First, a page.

According to Chemistry LibreText:

Lithium is the lightest of all metals and is named from the Greek work for stone (lithos). It is the first member of the Alkali Metal family. It is less dense than water (with which it reacts) and forms a black oxide in contact with air.

However, if I'm not wrong, all alkali-metals react with non-metals to form white oxides. $\text{Li}_2 \text{O}$ is a white chemical compound, isn't it? What's with the site stating the opposite -- anything I'm possibly missing out on?

  • 2
    $\begingroup$ It is white, as you say. The black stuff, as per wikipedia, is several substances. $\endgroup$
    – Ed V
    Aug 24 '21 at 13:04
  • 2
    $\begingroup$ Aldrich sell Lithium Oxide as a "white crystalline solid" sigmaaldrich.com/GB/en/product/aldrich/374725 $\endgroup$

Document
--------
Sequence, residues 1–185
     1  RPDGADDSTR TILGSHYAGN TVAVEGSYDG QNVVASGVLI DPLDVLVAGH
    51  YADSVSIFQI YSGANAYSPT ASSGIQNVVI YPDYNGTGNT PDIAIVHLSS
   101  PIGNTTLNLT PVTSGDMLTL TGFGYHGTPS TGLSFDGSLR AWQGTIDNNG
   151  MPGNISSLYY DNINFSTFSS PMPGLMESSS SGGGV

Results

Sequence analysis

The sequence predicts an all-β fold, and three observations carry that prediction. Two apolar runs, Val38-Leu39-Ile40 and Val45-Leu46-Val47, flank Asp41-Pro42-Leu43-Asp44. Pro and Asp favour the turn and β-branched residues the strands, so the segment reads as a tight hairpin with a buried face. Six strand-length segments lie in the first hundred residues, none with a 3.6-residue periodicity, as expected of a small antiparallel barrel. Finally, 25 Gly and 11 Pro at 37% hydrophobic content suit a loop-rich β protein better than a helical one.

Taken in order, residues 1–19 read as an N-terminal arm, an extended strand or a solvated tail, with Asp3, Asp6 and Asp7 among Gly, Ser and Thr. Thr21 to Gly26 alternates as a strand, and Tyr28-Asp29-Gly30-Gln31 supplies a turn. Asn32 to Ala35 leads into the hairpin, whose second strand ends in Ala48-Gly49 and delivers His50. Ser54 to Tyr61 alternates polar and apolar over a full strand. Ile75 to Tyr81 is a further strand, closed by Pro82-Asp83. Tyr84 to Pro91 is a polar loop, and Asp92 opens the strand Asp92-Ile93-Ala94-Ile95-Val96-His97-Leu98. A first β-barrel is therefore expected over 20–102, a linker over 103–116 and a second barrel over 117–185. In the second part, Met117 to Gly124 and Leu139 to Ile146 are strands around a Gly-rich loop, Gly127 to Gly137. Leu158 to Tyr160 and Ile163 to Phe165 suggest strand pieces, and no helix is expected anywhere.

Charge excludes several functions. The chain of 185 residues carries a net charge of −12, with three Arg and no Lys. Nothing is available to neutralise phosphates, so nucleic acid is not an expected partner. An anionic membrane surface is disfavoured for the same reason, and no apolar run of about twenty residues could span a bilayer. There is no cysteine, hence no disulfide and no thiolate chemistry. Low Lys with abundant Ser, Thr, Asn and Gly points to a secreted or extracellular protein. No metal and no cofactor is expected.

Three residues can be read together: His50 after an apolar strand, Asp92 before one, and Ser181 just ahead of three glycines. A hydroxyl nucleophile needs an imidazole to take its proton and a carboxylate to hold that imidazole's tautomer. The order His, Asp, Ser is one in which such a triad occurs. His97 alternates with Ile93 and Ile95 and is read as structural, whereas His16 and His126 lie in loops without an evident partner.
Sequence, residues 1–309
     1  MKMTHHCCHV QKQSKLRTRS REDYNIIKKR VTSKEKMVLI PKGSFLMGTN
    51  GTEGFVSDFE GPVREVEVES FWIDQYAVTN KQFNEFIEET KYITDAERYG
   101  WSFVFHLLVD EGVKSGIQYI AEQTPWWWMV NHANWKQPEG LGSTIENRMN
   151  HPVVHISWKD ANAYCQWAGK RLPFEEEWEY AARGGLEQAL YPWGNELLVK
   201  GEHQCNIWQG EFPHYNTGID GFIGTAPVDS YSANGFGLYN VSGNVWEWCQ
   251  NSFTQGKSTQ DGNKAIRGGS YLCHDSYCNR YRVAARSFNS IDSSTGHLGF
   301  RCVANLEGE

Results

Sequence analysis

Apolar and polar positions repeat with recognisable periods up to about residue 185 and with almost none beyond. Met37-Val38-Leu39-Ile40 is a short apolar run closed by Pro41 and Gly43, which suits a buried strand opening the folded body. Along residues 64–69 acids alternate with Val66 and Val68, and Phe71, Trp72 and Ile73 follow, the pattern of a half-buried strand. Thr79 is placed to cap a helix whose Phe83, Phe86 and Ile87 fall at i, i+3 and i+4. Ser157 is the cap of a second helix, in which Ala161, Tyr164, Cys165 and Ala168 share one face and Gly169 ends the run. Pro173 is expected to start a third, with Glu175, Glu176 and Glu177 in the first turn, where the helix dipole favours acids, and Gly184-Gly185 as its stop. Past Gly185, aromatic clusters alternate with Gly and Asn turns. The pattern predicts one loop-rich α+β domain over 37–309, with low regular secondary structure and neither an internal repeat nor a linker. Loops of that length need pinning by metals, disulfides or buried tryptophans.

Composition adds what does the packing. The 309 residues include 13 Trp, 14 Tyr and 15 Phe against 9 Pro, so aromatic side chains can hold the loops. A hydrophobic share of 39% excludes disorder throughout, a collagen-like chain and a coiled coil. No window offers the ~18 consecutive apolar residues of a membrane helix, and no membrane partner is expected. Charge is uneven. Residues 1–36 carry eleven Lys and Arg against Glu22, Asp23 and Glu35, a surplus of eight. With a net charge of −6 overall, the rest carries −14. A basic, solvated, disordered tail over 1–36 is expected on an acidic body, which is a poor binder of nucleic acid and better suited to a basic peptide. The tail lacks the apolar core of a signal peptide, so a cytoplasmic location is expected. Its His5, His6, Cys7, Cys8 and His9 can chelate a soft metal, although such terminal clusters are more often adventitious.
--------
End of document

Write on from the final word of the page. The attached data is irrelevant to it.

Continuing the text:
– Waylander
    Aug 24 '21 at 13:37
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    $\begingroup$ One has to remember lithium reacts with nitrogen as well. $\endgroup$
    – Poutnik
    Aug 24 '21 at 14:15

From Handbook of Inorganic Chemicals by Pradyot Patnaik:


White cubic crystals; refractive index $\pu{1.644}$; density $\pu{2.013 g/cm3}$; melts at $\pu{1,570 °C}$; dissolves and decomposes in water ($\pu{6.67 g/100g}$ at $\pu{0 °C}$ and $\pu{10.02 g/100g}$ at $\pu{100 °C}$).

What the quote has written is not correct. Lithium on contact with air forms both lithium oxide and lithium nitride which looks black during the reaction perhaps due to constant oxidation (actually pure lithium nitride exist as red hexagonal crystals). The reaction is exothermic.

$$\ce{6Li + N2 -> \underset{black}{2Li3N}}$$


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